The research, which uses university admissions, probate records and official information going as far back as the Domesday Book, tracked what happened to those whose surnames suggest their forebears were either aristocratic or ‘artisans’ from the working class.

Researcher Gregory Clark, a professor of economics at the University of California, Davis, found that in the group with rare names he studied from the 1850s until 2011, the gap between rich and poor narrowed.

However, those with ‘rich’ surnames left estates worth at least ten per cent above the national average, and also lived three years longer than the average, according to The Observer.
That’s rich: Colin Firth as Fitzwilliam Darcy, in a scene from Pride and Prejudice. Research suggests that people with certain names such as name Darcy have always been better off

Such names indicated a descent from nobility who came to England after the Norman Conquest and are found in the Domesday book of 1086. They drew their name from the surrounding Normandy towns and villages, the Observer says, whereas other ‘poor ‘ surnames – such as Carpenter, Shepherd or Baker – indicated an occupation.

In his paper – which is due to be presented at the Economic History Society’s annual conference – Prof Clark says: ‘Despite the social and political changes in England since the Industrial Revolution and the extension of the political franchise, if anything the rate of social mobility is slower now than in medieval England.

‘The huge social resources spent on publicly provided education and health have seemingly created no gains in the rate of social mobility. ‘The modern meritocracy is no better at achieving social mobility than the medieval oligarchy.’

And while rich and poor in general may eventually become ‘average’, with ‘no permanent social classes’, those from the 1850s may take another ‘two to four’ generations to get there, he finds.

Prof Clark added a warning for the current poor in Britain: it may be many generations ‘perhaps centuries’ before they achieve equality.

‘The children of groups of recent immigrants to the UK – specifically those from Bangladesh and Pakistan – have levels of wealth, income, and education that are substantially below those of the general population,’ his paper says.


Pupils could face police action as British government announces surprise raids on schools to tackle bad behaviour

Britain’s worst schools will face surprise raids by inspectors and heads will be able to press charges against pupils under moves to stamp out discipline problems in the classroom.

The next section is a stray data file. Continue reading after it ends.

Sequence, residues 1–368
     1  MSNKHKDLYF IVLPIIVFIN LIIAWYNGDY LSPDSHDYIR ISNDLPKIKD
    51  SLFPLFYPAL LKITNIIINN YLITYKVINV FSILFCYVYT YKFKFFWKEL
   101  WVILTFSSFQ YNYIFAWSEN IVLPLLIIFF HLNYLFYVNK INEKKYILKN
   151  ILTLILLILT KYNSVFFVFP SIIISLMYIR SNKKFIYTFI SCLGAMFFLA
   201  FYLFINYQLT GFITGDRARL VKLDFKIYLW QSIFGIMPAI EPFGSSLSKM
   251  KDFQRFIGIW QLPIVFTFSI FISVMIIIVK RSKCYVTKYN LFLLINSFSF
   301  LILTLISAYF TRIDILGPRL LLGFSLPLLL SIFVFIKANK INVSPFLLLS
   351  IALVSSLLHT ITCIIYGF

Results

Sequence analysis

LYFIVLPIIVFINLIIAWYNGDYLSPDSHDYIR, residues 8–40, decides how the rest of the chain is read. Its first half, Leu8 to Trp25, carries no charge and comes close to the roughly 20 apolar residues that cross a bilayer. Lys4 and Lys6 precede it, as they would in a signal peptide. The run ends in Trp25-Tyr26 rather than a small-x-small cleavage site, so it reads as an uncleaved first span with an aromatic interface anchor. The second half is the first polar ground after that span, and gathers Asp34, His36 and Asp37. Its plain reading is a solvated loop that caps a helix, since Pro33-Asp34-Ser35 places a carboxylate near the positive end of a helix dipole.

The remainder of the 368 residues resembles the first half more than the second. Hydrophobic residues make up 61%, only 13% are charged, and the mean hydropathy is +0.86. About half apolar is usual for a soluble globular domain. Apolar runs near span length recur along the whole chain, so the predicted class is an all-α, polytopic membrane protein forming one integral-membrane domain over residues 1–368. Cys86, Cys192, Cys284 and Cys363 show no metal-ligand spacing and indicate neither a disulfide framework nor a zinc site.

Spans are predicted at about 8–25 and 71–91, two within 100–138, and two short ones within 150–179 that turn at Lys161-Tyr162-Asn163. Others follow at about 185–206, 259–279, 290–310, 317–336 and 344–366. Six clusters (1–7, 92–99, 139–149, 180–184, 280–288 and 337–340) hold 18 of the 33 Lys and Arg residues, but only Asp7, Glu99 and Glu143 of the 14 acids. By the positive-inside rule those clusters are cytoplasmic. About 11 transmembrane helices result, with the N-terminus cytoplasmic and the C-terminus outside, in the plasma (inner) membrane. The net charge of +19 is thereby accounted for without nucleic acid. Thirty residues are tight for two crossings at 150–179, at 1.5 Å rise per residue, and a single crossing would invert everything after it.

Teachers will also be given powers to confiscate pupils’ mobile phones in a package of measures designed to end years of politically correct official guidance that gave disruptive children the upper hand.

Education Secretary Michael Gove, who will unveil the plans today, is determined to reverse the collapse in classroom discipline that has resulted in 1,000 children a day being suspended from school for abuse and assault.

As well as confiscating mobiles, which are banned in many classrooms, teachers will be allowed to search the phones for evidence of cyber-bullying and inappropriate material.

And they will be allowed to break up fights and manhandle unruly pupils out of the classroom. They will also automatically be given the benefit of the doubt when facing malicious allegations from children or parents – and given anonymity while the claims are investigated.

Under the new rules they will then be allowed to launch criminal action against their own pupils who have made false allegations about them. The youngsters will also face expulsion over the claims.

Teachers will also be allowed to hand out automatic detentions to misbehaving students, without having to give parents 24 hours’ notice.

The 50-page document replaces more than 600 pages of complex guidance on discipline.

Mr Gove will also press the schools inspection body, Ofsted, to carry out more unannounced raids at the worst schools. At present most schools receive many months’ notice before an Ofsted inspection – giving them time to cover up the worst problems. New powers to carry out so-called ‘no-notice inspections’ have been used only five times in 18 months.

A government source said Mr Gove expected the powers to be used more widely, adding: ‘In the small number of schools with very bad behaviour problems we need more no-notice inspections. It must become unacceptable for schools to tolerate persistent serious problems.’

Mr Gove said the new measures would hand power in the classroom back to teachers. He added: ‘Improving discipline is a big priority. Teachers can’t teach effectively and pupils can’t learn if schools can’t keep order.

The new regime will remove the controversial ‘no touch’ rules, which banned teachers from any physical contact with pupils.